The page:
The ACA could be beneficial to low-income residents in Harris County, Norby said. However, patients of Harris Health have no incentive to apply for coverage through the Health Insurance Marketplace since individuals making less than 200 percent of the federal poverty level receive free services through the hospital district with an optional copayment, he said.
"If I'm an individual that can pay $20, $30 or $50 a month for insurance coverage, or I can get it free with a $10 copay anytime I need service, what [am I] going to choose?" Norby said.
Norby said an increase in the individual mandate fine in 2015 could encourage more of Harris Health's patients to seek coverage through the marketplace.
Effects of Affordable Care Act
TOMAGWA HealthCare Ministries was forced to place a temporary moratorium on accepting new patients Oct. 1 due to a lack of funding.
"The current health care environment has just produced a patient load we are just not used to," said Steven Lightfoot, senior development director for TOMAGWA. "It took us by surprise this year. Unfortunately, our resources have not been able to keep up."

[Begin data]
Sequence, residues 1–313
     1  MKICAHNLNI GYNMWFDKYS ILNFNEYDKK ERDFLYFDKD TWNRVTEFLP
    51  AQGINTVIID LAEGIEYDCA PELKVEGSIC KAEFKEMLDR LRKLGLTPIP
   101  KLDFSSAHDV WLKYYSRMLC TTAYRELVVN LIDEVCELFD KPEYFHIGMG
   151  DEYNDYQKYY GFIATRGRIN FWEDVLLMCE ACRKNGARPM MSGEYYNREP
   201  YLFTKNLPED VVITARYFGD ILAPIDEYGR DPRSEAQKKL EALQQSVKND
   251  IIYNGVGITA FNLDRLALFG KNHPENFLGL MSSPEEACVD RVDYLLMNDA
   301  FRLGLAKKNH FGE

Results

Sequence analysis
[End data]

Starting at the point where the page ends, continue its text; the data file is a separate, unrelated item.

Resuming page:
In 2013, TOMAGWA, a privately-funded nonprofit clinic, treated 3,400 patients through 13,000 total visits. By June 2014, TOMAGWA was already on track to double its patient load to 6,800 for the year and has set a record-high level of service in the organization's 25 years in the community, Lightfoot said.
The implications of the Affordable Care Act and an increase in residents losing their jobs or being reduced to part-time work have played a factor in the surge of new patients this year, he said.
"If you're a new patient, more than likely we won't be able to treat you," Lightfoot said. "We don't want to just turn anybody down but the reality is with the patient load we have now and the lack of financial resources we're experiencing, we've got to draw a line until the community responds."